They would be wrong, not in the least because the mark-to-market losses also signify huge opportunity costs of not reducing risk exposure in time. Portfolio performances over any defined period do not conform to the law of averages. They are a direct consequence of the quality and efficacy of risk management.

The significant mark-to-market losses on the securities segment of FCA, seen against the need to transfer as large as possible surplus to the government would raise an important issue: Did the RBI follow any particular strategy with regard to its domestic forex market operations to cushion this loss?

This question is relevant. Since the adoption of a new accounting rule in this regard in 2018-19, rapidly rising profits from forex transactions (which essentially means profit on sale of US dollars in the domestic forex market), on the back of higher US dollar sales volume, have emerged as a vital source of income for the RBI, both in absolute and relative terms.

To be sure, the amount US dollar sales recorded in any period is the outcome of current interventions in the forex market for settlement in that period itself plus maturity of outstanding forward sales, if any. The quantum of interventions in the spot and forward segments of the forex market on any given day depends on a host of complex factors.

Forex intervention

That said, in those two years there was a good bit of ambiguity, certainly not of the constructive variety, in the RBI’s communications, causing some confusion among market participants as regards the exact goals being pursued by the RBI through its forex interventions.

This was especially true of its interventions in the forward market by way of swaps, the volumes of which saw a quantum spurt in 2020-21 and 2021-22, leading to the US dollar-rupee forward premium getting significantly misaligned vis-à-vis interest rate differential and also causing uncertainties and distortions in the forward market.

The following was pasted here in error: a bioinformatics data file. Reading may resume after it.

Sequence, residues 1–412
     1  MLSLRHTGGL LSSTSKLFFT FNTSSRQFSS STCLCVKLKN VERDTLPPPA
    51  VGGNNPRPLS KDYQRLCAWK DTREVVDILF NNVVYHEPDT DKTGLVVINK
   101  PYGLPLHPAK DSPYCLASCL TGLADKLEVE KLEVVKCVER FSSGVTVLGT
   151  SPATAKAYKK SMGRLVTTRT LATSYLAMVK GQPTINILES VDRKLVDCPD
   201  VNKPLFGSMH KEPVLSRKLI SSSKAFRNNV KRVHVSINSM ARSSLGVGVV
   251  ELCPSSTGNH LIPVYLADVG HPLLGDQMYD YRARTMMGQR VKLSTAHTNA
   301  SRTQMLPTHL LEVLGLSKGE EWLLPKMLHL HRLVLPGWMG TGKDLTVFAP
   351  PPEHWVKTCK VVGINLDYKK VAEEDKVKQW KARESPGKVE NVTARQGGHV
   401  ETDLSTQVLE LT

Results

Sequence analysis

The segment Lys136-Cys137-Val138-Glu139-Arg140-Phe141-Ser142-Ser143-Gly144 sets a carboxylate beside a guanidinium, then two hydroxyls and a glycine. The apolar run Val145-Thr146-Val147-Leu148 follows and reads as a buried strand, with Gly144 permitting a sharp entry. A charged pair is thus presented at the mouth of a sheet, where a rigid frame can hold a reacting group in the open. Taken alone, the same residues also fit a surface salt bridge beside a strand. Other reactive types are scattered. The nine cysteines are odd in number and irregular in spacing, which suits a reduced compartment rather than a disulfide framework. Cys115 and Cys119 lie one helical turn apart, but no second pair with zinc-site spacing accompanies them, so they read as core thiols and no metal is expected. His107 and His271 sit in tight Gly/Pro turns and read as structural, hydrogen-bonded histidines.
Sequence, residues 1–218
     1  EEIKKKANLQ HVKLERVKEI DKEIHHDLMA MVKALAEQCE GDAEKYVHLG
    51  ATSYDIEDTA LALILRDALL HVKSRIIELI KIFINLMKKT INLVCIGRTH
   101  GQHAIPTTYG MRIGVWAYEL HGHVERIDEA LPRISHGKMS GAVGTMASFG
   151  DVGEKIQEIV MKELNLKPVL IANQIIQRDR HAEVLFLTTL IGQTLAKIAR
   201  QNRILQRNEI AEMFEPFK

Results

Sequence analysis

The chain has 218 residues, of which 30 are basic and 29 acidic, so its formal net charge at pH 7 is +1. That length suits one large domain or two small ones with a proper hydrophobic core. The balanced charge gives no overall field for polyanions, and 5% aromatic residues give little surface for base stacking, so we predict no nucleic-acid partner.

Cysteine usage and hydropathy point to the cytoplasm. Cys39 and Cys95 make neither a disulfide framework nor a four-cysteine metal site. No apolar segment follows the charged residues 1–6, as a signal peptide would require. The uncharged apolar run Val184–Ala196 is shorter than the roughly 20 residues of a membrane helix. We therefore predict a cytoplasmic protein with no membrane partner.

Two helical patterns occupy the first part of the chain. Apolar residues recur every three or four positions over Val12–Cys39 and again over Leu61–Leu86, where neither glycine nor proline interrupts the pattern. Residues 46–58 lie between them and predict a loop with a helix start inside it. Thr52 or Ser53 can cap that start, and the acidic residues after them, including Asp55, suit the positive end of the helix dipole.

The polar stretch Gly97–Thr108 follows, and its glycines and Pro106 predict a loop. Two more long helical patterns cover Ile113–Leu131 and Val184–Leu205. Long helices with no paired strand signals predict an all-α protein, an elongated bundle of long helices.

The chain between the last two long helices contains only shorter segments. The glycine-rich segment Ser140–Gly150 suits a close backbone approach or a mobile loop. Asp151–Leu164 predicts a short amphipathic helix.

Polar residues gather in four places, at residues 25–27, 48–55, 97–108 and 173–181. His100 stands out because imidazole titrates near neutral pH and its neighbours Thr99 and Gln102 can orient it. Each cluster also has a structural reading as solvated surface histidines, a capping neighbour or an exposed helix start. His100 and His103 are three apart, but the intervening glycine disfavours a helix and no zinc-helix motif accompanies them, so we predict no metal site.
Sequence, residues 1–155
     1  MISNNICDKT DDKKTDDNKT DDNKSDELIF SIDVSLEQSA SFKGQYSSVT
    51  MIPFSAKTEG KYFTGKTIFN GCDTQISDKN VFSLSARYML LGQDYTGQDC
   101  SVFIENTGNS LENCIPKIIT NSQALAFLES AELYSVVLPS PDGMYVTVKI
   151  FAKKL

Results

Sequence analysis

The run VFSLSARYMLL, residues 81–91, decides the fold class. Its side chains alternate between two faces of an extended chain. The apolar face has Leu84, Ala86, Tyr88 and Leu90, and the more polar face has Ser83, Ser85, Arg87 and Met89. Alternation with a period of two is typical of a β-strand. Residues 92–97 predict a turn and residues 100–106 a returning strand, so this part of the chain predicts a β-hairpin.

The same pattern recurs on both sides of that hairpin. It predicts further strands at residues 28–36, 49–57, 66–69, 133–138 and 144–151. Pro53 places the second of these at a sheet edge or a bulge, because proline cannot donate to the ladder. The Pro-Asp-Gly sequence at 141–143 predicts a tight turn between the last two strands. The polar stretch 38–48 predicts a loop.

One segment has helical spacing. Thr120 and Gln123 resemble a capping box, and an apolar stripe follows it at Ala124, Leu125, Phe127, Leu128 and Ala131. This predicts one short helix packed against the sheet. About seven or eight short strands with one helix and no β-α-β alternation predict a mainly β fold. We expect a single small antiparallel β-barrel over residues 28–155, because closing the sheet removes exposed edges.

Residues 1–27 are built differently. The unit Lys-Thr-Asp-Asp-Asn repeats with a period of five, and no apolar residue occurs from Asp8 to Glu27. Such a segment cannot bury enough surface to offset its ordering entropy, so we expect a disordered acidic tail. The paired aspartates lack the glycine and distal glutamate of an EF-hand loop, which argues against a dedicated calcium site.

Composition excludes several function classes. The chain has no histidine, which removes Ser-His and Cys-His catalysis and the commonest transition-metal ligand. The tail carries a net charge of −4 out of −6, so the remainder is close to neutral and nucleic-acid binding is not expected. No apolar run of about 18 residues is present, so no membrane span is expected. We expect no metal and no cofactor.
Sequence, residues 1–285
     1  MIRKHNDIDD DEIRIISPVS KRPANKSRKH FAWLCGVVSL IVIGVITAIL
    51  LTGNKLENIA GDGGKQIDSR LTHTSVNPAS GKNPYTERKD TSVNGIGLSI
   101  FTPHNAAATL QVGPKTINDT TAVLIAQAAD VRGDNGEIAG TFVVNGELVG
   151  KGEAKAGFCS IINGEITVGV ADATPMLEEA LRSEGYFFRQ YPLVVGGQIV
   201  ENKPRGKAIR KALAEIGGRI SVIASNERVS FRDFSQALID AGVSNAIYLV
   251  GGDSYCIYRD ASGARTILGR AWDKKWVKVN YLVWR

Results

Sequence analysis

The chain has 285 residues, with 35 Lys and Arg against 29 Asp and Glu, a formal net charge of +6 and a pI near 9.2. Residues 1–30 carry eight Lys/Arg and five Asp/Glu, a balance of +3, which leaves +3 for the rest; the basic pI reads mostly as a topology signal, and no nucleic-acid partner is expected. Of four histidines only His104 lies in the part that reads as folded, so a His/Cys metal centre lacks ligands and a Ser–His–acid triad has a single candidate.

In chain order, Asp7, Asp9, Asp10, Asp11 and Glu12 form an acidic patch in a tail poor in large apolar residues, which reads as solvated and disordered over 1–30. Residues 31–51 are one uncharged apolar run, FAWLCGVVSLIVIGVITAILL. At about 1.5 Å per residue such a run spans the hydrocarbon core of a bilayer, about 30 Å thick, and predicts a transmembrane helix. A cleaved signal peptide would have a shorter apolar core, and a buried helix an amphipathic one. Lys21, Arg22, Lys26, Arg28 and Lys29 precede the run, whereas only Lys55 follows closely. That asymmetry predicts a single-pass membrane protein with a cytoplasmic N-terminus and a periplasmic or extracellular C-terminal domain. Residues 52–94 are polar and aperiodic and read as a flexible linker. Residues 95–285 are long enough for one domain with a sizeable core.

There has been a legitimate point of view that the large-scale sell-buy swaps that were done during the last quarters of both 2020-21 and 2021-22, pushing up the forward US dollar purchase position of the RBI might have had an additional objective: to book profit on their first leg. This is not without substance, especially for 2020-21, the last quarter sales which were as high as 70 per cent of that of the entire year.

Financial institution, too

The RBI, like any other central bank, is also a financial institution which needs to have a strong capital base and the ability to generate reasonable surplus largely reflecting its seigniorage earning less operating cost. High dependence on profit from the sale of US dollars in the domestic forex market, which seems to be the case now, is not a good trend. This is so because the extent of this profit is determined by how much the Rupee falls against US dollar.

The current exchange rate regime for the Rupee is one involving a managed float and the RBI intervenes in all segments of the forex market using discretion. Hence, the RBI needs to eschew any major reliance on profit from the sale of US dollars, occasioned by depreciation of the Rupee, and none at all for paying decent dividends to the government.

By doing this, it will also avoid the kind of conflicting signals that excessive sell-buy swaps had provided: as alluded to before, such transactions in 2020-21 and thereafter led to a rise in the forward premia, signifying an increase in the implied Rupee interest rate. This was at odds with the extra loose stance of the monetary policy at that time. All in all, it would be much better to bolster the RBI’s portfolio management and risk management capabilities.

The writer is a former central banker and a consultant to the IMF. (Through The Billion Press)